Along with other once cherished values, humaneness is something that few people are taught to value anymore… and as a result, we live in a society that lacks patience, humility, kindness, generosity, empathy, sympathetic joy, adaptability, equanimity, sense of community and universal love- all values which children naturally possess and instinctively cultivate when left untainted and untouched.
The idea of emphasizing values over information is very contrasting to most people’s ideas regarding what should be taught in school and interferes with the idea that education basically serves for getting ahead in this overly competitive world.
The harsh fact remains that we live in a culture that rewards academic and athletic achievements, yet so often overlooks just about everything else. It praises the ‘special’ and dislikes the ‘ordinary’… as my humble side (one of my best by the way) pushes me towards the simple question:
What is wrong with ordinary anyway?
It also overlooks the fact the this type of ‘competitive’ intelligence, when left alone, is not always used for our common good; for making the world a better place. I have nothing against the straight ‘A’ students. I know many really amazing kids who excel in school. And, just as I don’t believe that getting good grades prevents one from being a straight ‘Aer’ in humaneness as well, I don’t believe that raising my daughters outside the actual educational norms will prevent them from becoming whomever they desire to become: an astronaut, a fashion designer, a journalist, a doctor, a Nobel Prize winner. However, getting the straight A’s simply isn’t enough. It isn’t the most important thing in life and it doesn’t guarantee happiness or ‘success‘.
Today’s kids and their parents are trapped by society’s expectations of them. We have become obsessed about raising kids that are likeable, agreeable and therefore, employable. We concentrate on what our kids should become instead of who they are right now, on how they should be performing instead of what their true passions are. Such expectations negate their true nature, their humaneness, their curiosity for life. It standardizes them like the tests they are forced to ‘perform’ well on. It doesn’t take into consideration their uniqueness. It doesn’t permit us to allow them to proceed at their own rate, nor take into consideration the thousands of other ways of learning.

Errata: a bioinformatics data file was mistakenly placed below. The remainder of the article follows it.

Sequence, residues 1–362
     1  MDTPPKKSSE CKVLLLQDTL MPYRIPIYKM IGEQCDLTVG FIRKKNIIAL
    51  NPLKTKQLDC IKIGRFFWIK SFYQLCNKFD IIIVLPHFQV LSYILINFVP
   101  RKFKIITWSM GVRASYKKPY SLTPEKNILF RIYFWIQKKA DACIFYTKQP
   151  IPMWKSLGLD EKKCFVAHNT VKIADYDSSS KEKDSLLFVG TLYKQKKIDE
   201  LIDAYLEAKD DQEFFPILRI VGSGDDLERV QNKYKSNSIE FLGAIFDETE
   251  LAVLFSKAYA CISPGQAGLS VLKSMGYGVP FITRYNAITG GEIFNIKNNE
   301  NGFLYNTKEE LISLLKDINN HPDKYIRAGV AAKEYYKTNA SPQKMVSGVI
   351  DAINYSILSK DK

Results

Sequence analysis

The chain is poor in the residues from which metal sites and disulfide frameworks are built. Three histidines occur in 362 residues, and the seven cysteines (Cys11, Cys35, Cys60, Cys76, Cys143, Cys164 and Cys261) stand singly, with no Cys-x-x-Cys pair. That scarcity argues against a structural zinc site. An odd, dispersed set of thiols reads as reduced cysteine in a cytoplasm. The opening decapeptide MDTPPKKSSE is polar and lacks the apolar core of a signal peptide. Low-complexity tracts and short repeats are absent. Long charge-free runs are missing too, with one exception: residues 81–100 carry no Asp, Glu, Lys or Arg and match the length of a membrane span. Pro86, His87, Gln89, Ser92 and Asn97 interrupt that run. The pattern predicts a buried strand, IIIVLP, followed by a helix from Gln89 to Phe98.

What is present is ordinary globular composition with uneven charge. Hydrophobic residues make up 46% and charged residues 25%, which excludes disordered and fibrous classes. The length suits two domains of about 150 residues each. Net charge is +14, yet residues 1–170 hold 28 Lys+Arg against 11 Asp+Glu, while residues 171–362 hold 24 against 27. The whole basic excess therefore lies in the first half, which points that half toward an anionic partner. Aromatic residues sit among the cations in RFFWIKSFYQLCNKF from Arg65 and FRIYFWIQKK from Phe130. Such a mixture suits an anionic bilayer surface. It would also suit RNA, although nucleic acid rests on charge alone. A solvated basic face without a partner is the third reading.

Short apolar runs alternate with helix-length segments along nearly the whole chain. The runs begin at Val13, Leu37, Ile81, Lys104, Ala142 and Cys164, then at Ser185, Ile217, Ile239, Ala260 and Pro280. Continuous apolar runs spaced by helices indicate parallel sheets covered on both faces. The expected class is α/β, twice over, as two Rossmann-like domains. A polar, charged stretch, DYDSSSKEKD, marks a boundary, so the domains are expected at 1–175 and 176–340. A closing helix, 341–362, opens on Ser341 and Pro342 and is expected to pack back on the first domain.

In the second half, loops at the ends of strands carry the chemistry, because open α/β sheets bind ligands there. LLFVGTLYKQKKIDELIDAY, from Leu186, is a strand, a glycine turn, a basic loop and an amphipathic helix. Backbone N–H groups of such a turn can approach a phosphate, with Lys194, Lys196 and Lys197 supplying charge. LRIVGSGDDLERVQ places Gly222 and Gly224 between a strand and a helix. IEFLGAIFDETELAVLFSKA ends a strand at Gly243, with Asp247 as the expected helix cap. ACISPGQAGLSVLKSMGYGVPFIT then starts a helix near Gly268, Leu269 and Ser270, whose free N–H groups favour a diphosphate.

It doesn’t take into consideration the expression in my daughters’ big brown eyes when they are passionate about something. It doesn’t take into consideration the sway in the walk or the glow in their smiles. And, it definitely doesn’t take into consideration their sad, frustrated resistance to things that they are not yet ready for. These are all the real signs of learning and this is how I, as a parent, know. But, in the Land of formal education and competitive achievement these factors just aren’t considered by those who decide.
Those, who, without knowing her, decided that my daughter has to learn to read at 5 or 6, do multiplication in 3rd grade, study statistics and scientific methods before entering Junior High. It isn’t relevant if she simply isn’t interested in learning about Wave Behavior. According to them she must memorize the words, demonstrate her knowledge on a piece of paper, feel proud of a number, letter or comment written in blue or black ink; feel not good enough when another, inacceptable grade is highlighted in RED… made to feel that a standardized result can define who she is when in the end, it is unlikely that any of her classmates, neither the proud nor the not good enough will retain or require any of this fundamental information for more than a couple of weeks, let alone the course of their lifetime.
Shouldn’t we give them the same respect to develop their reading, writing and arithmetic skills, at their own time and pace, as we do for many other basic skills such as crawling, walking, talking and using the potty?
Havana started to walk ‘late’. At 17 months we were still waiting and at 18 months – ‘a bit slow’ by normal standards – she decided to pick herself up and walk. Compared to Kenia, Havana did everything later… she spoke later, learned English (her second language) later, rode a 2 wheeler and swam later… She is learning to read in all three languages later. Later according to whom? Why the rush? Encourage them, yes… but it would have been absurd for me to insist that she walk before she was ready. Why should I rush her into reading when I have no doubt that she will learn to read and also really adore doing it when she is good and ready?!…
The more we insist, the more we worry, the more pressure we place on learning, the more we hurry them along at somebody else’s pace instead of their own… one thing is certain: the more difficult it will be for our children to learn anything at all.
So, I continue to ask:
When exactly did us parents start feeling like failures just because our child doesn’t come home with straight A’s or at least a few B+s?
Who designs all the school programs, tests and tons of time consuming demands and rules, and why should I look to them to know what is right for my child?
How is it possible that the people who decide everything else never show any interest in rating our children’s uniqueness and other forms of intelligence?
Why are we all so afraid of allowing our kids to simply be themselves?
Journal Entry: Tilaran, Costa Rica, May 18, 2015
Our bodies are stretched across the bed. Kenia is calmer now. As her expression softens and the tears dry up and disappear, she learns another important lesson: everything passes with time. What seemed tragic a couple of hours ago returns to its actual size and dimension once dissected and laid down to rest. This is something we will be able to grab onto the next time some ‘bigger than life’ situation hits us. In the meantime, I have no idea how Kenia will do on her next exam. I don’t know if she will choose to study or not. However, the choice will once again be her own. With time, I know that she will do the right thing. She will know that I trust her and she will therefore trust herself…. together we are learning how to get straight A’s in life.
To be continued next week… with all the things my daughters and I are learning about being Straight ‘A’ Human Beings.
Until then, shall we all remember that the best education starts and ends at home because no matter what they want us to believe, nobody knows exactly what our children need better than us!
love and a huge hug,
ps: Remember to insert your email and click ‘FOLLOW’ to automatically receive the continuation to this post THEY MAY NEVER BE STRAIGHT ‘A’ STUDENTS…!
References and further reading regarding alternative schooling: